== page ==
Ever since the concepts of sane and crazy were invented everyone has spent at least some time wondering if they’re nuts. But what if there was a test that you could administer to yourself that told you conclusively if you were or not? What then? Because such a test actually exists and I will give it to you in this blog.
Okay, are you ready? Go to a mirror or hold one up to your face, or use that mirror app on your phone. Take a good look at yourself. Do you look human? If the answer is “yes” then you’re crazy. Because all humans are crazy. How do I know? Because if I didn’t know that then I couldn’t properly write this blog. I’ll explain.
Everyone lives inside their own thinking. What the Buddhists call ‘the illusion’ is the layer of words and descriptions and opinions that we layer over the real world, which simply Is. And through poignant events, or rapturous moments, everyone spends some time in an enlightened state. When we’re laughing and thrilled with life. When we’re exhilarated and fully alive. It’s whenever we’re appreciating the Is-ness of things.
The healthiest people do that by appreciating choice and they do it often. So people caught up in the illusion will argue over whether a movie or a book was good or bad, whereas someone who can see through the illusion finds the whole discussion meaningless. An enlightened person can appreciate that everyone lives inside their thinking and so people don’t see a book or a movie, they see their thoughts about it.
Knowing that, it seems so unnecessarily unfortunate that good friends would invest any amount of life getting into angry arguments over their opinions. What difference does that make? Why would we ruin our day to have a pointless debate where we both compare beliefs that exist only in our own consciousness? Even if we won that argument, what did we win? To the contrary, an enlightened person can even be called crazy and they’re okay with it. Because they know everyone looks crazy to a lot of people.
To a meek non-physical safety conscious administrator, working as a whitewater rafting guide or a heli-skiing guide can look crazy. But then the professional skier probably thinks much the same thing about the administrator in his little cubicle all day staring at a screen. Someone giving a speech or doing a radio show can seem insanely brave to a quiet person, and yet to a talk show host, they might find being alone a huge challenge whereas the quiet person likes it.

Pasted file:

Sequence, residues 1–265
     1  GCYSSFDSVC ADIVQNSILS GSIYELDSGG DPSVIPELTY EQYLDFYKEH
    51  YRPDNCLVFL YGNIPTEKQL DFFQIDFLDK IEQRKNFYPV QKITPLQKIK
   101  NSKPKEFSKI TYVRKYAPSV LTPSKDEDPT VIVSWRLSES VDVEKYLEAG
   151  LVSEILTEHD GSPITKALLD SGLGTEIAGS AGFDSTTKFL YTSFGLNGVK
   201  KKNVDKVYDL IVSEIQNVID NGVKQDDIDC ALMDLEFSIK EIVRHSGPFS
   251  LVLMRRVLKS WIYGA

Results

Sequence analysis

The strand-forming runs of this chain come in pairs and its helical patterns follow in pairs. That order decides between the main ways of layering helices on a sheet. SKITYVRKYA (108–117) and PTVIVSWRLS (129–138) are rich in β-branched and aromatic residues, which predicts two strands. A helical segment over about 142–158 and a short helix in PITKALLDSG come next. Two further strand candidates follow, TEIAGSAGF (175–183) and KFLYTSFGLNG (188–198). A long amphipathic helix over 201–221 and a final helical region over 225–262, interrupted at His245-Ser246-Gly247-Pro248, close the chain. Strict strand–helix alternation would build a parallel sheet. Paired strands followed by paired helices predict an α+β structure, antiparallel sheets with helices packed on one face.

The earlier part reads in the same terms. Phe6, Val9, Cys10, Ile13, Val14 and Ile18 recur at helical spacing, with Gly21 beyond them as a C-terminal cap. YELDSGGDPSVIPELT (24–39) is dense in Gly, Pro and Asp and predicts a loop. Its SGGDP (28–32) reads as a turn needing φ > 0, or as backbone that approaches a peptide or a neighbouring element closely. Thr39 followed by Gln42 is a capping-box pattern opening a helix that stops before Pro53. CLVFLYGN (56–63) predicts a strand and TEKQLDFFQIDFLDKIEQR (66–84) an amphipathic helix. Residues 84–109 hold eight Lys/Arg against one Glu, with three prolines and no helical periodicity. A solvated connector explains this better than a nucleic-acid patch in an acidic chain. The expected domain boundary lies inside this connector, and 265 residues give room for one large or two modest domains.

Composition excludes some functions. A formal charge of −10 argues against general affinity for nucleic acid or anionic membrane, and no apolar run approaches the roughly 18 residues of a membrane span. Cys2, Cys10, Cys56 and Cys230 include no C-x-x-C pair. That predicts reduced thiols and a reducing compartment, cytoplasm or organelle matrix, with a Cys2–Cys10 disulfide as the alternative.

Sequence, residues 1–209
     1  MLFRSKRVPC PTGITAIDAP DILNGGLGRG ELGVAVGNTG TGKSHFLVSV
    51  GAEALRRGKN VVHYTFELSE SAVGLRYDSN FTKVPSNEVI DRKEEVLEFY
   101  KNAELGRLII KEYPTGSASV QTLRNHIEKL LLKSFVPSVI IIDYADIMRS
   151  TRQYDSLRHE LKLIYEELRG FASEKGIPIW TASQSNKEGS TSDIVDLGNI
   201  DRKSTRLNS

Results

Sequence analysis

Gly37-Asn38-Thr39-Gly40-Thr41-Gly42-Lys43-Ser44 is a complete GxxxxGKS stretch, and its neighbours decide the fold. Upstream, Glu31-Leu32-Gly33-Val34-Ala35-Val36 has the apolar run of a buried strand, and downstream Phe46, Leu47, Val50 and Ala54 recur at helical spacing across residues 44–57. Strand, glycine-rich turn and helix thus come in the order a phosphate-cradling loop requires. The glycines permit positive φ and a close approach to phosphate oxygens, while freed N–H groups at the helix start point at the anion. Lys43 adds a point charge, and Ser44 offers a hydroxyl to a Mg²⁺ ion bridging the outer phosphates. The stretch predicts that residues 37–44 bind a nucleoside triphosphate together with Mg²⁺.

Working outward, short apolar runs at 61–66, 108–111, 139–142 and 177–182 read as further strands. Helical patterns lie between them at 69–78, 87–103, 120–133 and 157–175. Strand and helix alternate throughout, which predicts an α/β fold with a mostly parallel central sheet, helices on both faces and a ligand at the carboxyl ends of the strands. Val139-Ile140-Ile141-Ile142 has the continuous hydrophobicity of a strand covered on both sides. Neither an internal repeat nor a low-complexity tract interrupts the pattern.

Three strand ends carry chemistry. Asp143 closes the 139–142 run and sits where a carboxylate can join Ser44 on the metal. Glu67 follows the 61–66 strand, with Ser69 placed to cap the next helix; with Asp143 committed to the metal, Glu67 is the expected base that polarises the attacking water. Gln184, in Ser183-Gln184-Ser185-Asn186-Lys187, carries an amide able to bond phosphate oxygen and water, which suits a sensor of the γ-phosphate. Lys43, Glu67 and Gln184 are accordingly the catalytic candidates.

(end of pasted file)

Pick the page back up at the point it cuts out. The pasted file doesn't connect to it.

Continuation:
Likewise, a guy going to school and getting into debt for a decade past high school so that he can be a doctor and swab sores and stick his fingers in people’s bum s—that can look insane to a kid who’s getting good money to work outdoors at a job that keeps him in peak physically shape. Meanwhile the doctor is relieved he doesn’t have to live a life of menial labour. So what’s crazy? It depends completely on who we ask.
Having kids, not having kids, being married, not being married, this job, that job and on and on and on. We’re all just walking swirls of opinion and when we get in proximity to the opinions that make up other people —if our opinions are too solid they tend to impact other very solid opinions. But if we’re more ephemeral and flexible and open, then we can pass through each other and feel the experience without it containing a harsh impact.
Go ahead and be crazy. Know that there’s people who will view your life from the outside and they will have harsh and negative and incorrect opinions. But whatever. How does that actually affect us? Even if they say it, words are just sound waves hitting our eardrums. They don’t demand that we engage with them.
We can be open to others views even if they’re about us. After all, we have some opinions about other people too. But instead of sharing them or even complaining about them, how about if —as much as possible— we all stayed conscious of our thinking, and we just dropped the combative thoughts about differing opinions?
And we should not just reduce our internal thinking, where we poke at their statements even as they’re speaking. We’re better off if we reduce our negative external talk too. The arguments, the put-downs, the needless opinions. That should all be muted as much as possible. We are healthier to favour input over output.
Instead of spreading negativity, what if we also focused on what we like about the world? Because there is no point in striving to be seen as sane or healthy or smart or successful in the eyes of someone else. Their opinion lives only inside their head, and whoever else they can convince to believe it too. But there’s over seven billion people in the world, soon to be ten billion.
Everyone does not have to like us regardless of the reason. And even the ones that are our friends don’t have to agree with us about everything. So just relax and listen to people without feeling that their views have anything to do with us. Do that and some people will still think we’re crazy. But at least we won’t care because we’ll be enjoying life so much more.
I hope you enjoyed reading today’s blog as much as I enjoy writing them. Thanks for your time. Have an awesome day.
A serious childhood brain injury lead Scott to spend his entire life meditating on the concepts of thought, consciousness, reality and identity. It made others as strange to him as he was to them. When he realized people were confused by their own over-thinking, Scott began teaching others to understand reality. He is currently CBC Radio Active’s Wellness Columnist, as well as a writer, speaker and mindfulness instructor based in Edmonton, AB where he still finds it strange to write about himself in the third person.